Saturday, July 8, 2023

Free Text to Self Student Response Unit - Alexander and the Terrible, Horrible, No Good Very Bad Day

 Free Text to Self Student Response Unit 
Alexander and the Terrible, Horrible, No Good Very Bad Day

Making text connections. When you think about this important concept we are supposed to teach our kids and classes, it's actually something we do all the time. We might watch a movie and compare it to the book we read (that's text-to-world connection!), we might compare a book we read to another book we read about a similar topic (text-to-text), or we may compare ourselves to a character in book, either feeling what they feel or criticizing their actions (text-to-self). There are many other examples and ways we can make text connections too!

As my own child prepares for sixth-grade English exams for next spring, I realized this is a skill we would need to work on. Although we always talk about these sorts of things in our everyday lives, would she know what to actually do if someone asked her to put that on paper? So here we are with my first text-to-self FULL teaching unit for homeschool or classroom! And with one of my favourite books from my own childhood!

Text-to-self Question Cards
The first part of this unit is all about making your students think of how they connect to the text. In this unit, we'll use a read-aloud version of this story on youtube (you may also just read the book if you'd like!) While you're listening to the story I've made some question cards you can use to get your students thinking and preparing to write their responses. You could use all of the questions or just a few.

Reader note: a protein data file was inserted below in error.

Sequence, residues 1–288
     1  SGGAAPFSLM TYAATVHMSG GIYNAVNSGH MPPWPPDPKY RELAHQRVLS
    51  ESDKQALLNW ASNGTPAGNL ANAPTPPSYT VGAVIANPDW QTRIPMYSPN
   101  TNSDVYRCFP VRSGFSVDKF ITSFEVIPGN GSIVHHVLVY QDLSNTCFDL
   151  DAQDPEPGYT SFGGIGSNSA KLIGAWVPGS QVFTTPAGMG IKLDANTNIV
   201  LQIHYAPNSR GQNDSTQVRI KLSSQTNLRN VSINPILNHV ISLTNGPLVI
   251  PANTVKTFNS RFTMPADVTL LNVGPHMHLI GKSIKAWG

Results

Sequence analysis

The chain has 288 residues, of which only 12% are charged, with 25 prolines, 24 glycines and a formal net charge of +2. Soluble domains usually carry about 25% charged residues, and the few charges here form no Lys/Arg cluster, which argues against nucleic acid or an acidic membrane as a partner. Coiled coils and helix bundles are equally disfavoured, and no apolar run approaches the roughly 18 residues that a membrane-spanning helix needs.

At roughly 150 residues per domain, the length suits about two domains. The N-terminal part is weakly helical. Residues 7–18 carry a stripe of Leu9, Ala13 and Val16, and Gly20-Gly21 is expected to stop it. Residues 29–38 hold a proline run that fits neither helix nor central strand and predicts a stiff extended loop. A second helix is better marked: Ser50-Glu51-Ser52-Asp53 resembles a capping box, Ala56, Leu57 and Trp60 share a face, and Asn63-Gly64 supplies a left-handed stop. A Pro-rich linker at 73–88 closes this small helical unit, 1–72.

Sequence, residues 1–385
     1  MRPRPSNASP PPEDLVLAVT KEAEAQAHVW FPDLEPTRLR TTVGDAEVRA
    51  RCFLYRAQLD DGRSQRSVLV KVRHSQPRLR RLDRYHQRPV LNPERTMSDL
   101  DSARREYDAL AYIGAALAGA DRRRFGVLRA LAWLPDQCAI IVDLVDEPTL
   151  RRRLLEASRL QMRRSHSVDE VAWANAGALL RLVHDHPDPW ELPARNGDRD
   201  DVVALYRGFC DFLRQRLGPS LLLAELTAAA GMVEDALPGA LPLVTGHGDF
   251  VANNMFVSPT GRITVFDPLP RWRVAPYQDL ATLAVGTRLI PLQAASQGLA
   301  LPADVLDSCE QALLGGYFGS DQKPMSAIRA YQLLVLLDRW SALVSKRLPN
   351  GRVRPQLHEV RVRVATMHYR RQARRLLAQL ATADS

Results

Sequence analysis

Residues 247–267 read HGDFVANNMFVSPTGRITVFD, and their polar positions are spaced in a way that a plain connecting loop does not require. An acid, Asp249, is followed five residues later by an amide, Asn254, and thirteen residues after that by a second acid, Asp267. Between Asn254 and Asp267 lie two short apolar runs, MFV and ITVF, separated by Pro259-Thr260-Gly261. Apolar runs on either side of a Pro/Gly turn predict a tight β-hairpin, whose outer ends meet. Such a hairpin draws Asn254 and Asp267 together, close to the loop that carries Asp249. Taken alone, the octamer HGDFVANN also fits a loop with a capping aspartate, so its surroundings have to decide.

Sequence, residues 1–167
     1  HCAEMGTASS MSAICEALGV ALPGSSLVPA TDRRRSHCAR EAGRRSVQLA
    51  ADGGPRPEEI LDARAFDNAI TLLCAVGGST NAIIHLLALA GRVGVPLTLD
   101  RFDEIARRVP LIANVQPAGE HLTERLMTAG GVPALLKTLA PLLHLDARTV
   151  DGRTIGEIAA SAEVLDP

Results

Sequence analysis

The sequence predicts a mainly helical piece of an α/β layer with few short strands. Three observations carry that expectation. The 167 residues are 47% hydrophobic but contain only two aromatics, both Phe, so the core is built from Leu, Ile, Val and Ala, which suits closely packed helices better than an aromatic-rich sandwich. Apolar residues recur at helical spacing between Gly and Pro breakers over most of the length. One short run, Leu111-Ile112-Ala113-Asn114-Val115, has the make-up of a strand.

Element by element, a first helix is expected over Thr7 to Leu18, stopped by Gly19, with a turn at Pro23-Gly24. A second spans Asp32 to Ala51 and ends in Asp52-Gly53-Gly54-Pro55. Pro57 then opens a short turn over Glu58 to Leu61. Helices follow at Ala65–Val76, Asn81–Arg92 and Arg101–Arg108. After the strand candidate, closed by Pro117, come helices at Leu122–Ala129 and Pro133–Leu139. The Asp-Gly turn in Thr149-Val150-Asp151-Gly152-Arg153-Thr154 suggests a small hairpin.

These questions all pull your students into the story by trying to connect them to the way the main character, ALexander, feels. Can they relate to him, or not? (If not, don't worry - we've got plans for that later in the unit!). As you ask these questions, your students or yourself can take notes about their responses. You can have them write them down, or discuss them out loud depending on their abilities and how you'd like your lesson to go.

Lesson Plan & Writing Guide
After you've taken the time to dig deeper into how the book might relate to your students feelings, it will be time to write their response. This is included in the lesson plan and includes posters or anchor charts to guide your students through the writing process. It also includes sentence stems that they can use to get started on each part of their paper.

These plans take into account that you'll have students who will feel that they CAN relate to the character, as well as students who feel that they CANNOT relate to the character. There are options for both and they get to choose their own path in their personal response.

Different Options & Independent Work

I've also made sure to include a few different options you can use in your class or homeschool. If you'd prefer to have students write the essay on their own, you can use the personal-sized posters or the one-page response option depending on their response type. This way, if you don't have time to do everything together, kids in grades 5-6 can still easily do this on their own.

I've also included regular-sized and personal-sized posters with strong vocabulary suggestions for some of the emotions they might be expressing in their writing. It's always great to squeeze in some stronger words!

Download the free unit below
You can download this free unit by clicking on the link below. If you do use it I'd love to hear about your experience! Feel free to e-mail me ( or send me a message on Instagram!

**TERMS OF USE: This FREE unit is meant to be free and kept free! You may NOT distribute it for profit or sell it for profit. You MAY use it in classrooms (in-person or digital), homeschools, co-ops, tutoring, or pods. You MUST keep my website address ( on each page as it is. Thank you!!**

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